(Bloomberg) -- Julius Baer Group, Switzerland’s third-largest wealth manager, said its affluent Russian clients were less active in the first half of the year amid political tensions in the region.

“The entire eastern European business and in particular, Russia business, is a bit on hold,” Chief Executive Officer Boris Collardi told Bloomberg Television’s Manus Cranny in an interview today. “Russians are waiting to understand in what direction one or other sanctions could be going.”

Russia’s relations with the rest of the world are deteriorating four months after its annexation of Ukraine’s Crimea region sparked a geopolitical crisis. The U.S. and Europe have slapped sanctions against Russia and leaders from London to Washington have warned that President Vladimir Putin risks becoming a pariah.

While Russian nationals have refrained from using the bank’s services such as trading, Julius Baer continues to advise Russian millionaires who typically live outside their home country in places like London and Monaco. Many benefit from U.K. rules allowing wealthy people living in London to be non- domiciled for tax purposes, in exchange for paying an annual fee. Those people typically deposit funds outside the country and remit only what they need within the U.K.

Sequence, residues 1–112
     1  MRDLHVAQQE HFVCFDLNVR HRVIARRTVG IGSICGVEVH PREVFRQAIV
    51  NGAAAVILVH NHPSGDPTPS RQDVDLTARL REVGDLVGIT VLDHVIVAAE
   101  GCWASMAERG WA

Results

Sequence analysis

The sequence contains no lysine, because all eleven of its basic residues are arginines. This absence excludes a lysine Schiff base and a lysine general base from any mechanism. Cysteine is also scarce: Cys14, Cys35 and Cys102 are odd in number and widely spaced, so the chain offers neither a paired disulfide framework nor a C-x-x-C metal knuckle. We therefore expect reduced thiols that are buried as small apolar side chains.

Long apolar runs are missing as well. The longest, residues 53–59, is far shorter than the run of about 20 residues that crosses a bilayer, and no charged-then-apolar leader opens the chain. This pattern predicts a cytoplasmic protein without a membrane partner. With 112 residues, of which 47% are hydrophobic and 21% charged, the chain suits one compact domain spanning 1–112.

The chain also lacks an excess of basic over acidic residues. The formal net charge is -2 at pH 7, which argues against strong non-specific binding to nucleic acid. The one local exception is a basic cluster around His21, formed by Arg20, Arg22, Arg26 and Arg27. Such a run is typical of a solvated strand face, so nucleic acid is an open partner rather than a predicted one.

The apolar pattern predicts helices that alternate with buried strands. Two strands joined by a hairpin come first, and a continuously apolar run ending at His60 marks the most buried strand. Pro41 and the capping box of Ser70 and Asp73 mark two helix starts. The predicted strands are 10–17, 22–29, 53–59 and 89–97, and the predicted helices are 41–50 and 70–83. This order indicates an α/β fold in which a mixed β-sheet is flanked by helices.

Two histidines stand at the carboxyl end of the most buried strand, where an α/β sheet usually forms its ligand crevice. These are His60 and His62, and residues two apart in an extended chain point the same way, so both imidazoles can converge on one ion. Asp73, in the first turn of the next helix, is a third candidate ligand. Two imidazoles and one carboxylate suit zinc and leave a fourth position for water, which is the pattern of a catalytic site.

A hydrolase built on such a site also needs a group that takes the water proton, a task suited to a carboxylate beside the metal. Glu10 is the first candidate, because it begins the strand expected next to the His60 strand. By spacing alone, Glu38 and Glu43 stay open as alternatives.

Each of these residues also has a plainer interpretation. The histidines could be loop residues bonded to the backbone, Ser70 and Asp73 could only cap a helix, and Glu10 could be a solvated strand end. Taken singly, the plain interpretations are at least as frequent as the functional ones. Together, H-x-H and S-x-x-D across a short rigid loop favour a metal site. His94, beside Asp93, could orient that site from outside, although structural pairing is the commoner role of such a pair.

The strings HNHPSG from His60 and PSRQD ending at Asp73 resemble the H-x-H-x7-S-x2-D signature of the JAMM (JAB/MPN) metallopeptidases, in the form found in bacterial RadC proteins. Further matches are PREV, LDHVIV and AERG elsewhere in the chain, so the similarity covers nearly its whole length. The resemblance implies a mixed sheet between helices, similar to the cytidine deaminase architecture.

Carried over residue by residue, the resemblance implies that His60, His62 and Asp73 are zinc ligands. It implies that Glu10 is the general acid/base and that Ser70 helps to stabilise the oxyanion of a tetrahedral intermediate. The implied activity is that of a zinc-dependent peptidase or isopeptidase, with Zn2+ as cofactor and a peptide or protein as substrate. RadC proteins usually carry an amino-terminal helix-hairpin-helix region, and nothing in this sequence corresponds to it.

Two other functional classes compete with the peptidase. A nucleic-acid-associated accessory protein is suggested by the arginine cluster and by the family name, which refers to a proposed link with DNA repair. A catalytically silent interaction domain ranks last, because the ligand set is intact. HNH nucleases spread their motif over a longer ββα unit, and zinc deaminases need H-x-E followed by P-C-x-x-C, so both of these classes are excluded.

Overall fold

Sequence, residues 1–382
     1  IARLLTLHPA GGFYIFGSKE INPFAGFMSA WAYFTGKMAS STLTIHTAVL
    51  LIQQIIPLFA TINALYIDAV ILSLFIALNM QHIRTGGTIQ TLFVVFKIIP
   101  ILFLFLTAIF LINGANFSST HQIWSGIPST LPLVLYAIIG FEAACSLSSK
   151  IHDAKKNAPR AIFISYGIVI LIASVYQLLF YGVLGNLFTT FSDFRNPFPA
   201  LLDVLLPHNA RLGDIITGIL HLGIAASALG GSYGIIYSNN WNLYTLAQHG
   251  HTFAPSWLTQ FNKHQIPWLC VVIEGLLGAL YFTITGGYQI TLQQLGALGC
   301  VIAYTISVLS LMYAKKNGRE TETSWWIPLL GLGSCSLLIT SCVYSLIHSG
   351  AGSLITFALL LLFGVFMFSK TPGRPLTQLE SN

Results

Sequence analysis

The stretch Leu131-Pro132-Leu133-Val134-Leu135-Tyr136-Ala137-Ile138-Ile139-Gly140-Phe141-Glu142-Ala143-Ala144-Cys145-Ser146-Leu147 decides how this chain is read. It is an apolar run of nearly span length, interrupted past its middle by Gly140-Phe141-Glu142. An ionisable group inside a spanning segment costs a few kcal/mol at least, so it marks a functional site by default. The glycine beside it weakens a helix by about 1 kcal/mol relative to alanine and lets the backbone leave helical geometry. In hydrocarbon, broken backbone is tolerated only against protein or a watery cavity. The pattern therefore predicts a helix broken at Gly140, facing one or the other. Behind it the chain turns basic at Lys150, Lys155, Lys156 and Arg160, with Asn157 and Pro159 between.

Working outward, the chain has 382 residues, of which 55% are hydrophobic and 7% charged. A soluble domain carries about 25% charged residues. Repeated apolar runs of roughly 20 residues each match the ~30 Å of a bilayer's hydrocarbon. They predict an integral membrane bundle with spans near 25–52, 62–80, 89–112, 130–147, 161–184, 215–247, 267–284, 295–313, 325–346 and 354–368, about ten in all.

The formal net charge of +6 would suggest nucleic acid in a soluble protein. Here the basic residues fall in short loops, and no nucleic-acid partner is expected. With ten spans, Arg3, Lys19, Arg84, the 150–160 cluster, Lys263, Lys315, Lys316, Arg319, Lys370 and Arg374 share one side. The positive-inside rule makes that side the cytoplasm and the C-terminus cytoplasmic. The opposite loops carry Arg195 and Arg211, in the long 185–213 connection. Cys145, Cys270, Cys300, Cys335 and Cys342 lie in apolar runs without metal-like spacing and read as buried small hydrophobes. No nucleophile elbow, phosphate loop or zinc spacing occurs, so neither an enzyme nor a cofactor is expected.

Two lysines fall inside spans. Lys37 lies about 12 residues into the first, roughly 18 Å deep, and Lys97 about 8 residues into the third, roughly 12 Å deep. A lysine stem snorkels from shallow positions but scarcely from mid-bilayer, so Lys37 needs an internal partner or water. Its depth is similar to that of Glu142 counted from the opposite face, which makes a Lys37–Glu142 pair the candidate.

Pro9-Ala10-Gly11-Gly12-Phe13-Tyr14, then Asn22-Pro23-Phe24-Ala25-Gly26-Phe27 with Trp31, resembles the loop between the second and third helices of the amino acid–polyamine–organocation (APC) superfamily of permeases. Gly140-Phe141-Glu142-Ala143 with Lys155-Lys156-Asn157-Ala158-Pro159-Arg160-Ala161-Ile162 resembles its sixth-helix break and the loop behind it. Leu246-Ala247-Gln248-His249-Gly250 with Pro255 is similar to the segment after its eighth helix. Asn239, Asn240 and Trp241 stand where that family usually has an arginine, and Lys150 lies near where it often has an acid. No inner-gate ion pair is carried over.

Julius Baer has no plans to discontinue relationships with Russian customers, Jan Vonder Muehll, a spokesman for the Zurich-based company, said in an e-mailed response to questions. “We see clients acting more cautiously and waiting on the sidelines of markets.”


Julius Baer had inflows from Russians at its European booking centers in the first six months, Collardi said at a presentation in Zurich. The bank accepts deposits in seven locations around the world including Switzerland, Guernsey and Monaco.

Russian clients account for a low single-digit%age of Julius Baer’s 274 billion Swiss francs ($305 billion) of assets under management, according to the CEO. The bank also has a representative office in Moscow, which doesn’t accept deposits locally.

International private banks have earmarked eastern Europeans and Russians as one of the faster-growing wealth- management markets, along with areas of Asia, the Middle East and Latin America.

Russian private financial assets may increase more than 80% to $4 trillion by 2018, Boston Consulting Group said in a report last month. By comparison, wealth in Germany -- one of Julius Baer’s more traditional markets -- may increase to $9 trillion by 2018, from $7 trillion at the end of last year, the group said.

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